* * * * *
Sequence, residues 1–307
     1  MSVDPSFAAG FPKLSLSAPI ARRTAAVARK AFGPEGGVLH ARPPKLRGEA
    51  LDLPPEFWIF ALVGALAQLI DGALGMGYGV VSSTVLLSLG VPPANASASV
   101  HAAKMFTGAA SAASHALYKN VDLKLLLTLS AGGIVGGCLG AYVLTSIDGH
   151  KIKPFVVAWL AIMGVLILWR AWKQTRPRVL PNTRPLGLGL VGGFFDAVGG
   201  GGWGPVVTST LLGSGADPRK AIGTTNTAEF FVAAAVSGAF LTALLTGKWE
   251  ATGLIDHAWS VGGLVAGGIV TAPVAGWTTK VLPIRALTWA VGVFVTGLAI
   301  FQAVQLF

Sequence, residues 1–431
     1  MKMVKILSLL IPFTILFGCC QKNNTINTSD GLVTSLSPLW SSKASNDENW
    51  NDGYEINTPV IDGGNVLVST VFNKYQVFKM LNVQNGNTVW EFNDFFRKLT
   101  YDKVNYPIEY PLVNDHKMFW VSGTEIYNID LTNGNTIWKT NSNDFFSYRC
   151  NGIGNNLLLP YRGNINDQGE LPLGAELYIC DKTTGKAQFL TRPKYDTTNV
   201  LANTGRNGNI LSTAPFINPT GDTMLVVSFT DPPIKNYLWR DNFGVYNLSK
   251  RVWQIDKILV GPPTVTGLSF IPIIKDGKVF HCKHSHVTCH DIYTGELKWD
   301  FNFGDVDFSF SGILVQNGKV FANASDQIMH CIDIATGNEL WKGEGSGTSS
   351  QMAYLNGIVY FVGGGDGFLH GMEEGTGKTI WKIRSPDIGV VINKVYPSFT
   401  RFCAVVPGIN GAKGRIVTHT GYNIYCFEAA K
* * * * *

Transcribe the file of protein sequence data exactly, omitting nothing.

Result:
Sequence, residues 1–307
     1  MSVDPSFAAG FPKLSLSAPI ARRTAAVARK AFGPEGGVLH ARPPKLRGEA
    51  LDLPPEFWIF ALVGALAQLI DGALGMGYGV VSSTVLLSLG VPPANASASV
   101  HAAKMFTGAA SAASHALYKN VDLKLLLTLS AGGIVGGCLG AYVLTSIDGH
   151  KIKPFVVAWL AIMGVLILWR AWKQTRPRVL PNTRPLGLGL VGGFFDAVGG
   201  GGWGPVVTST LLGSGADPRK AIGTTNTAEF FVAAAVSGAF LTALLTGKWE
   251  ATGLIDHAWS VGGLVAGGIV TAPVAGWTTK VLPIRALTWA VGVFVTGLAI
   301  FQAVQLF

Sequence, residues 1–431
     1  MKMVKILSLL IPFTILFGCC QKNNTINTSD GLVTSLSPLW SSKASNDENW
    51  NDGYEINTPV IDGGNVLVST VFNKYQVFKM LNVQNGNTVW EFNDFFRKLT
   101  YDKVNYPIEY PLVNDHKMFW VSGTEIYNID LTNGNTIWKT NSNDFFSYRC
   151  NGIGNNLLLP YRGNINDQGE LPLGAELYIC DKTTGKAQFL TRPKYDTTNV
   201  LANTGRNGNI LSTAPFINPT GDTMLVVSFT DPPIKNYLWR DNFGVYNLSK
   251  RVWQIDKILV GPPTVTGLSF IPIIKDGKVF HCKHSHVTCH DIYTGELKWD
   301  FNFGDVDFSF SGILVQNGKV FANASDQIMH CIDIATGNEL WKGEGSGTSS
   351  QMAYLNGIVY FVGGGDGFLH GMEEGTGKTI WKIRSPDIGV VINKVYPSFT
   401  RFCAVVPGIN GAKGRIVTHT GYNIYCFEAA K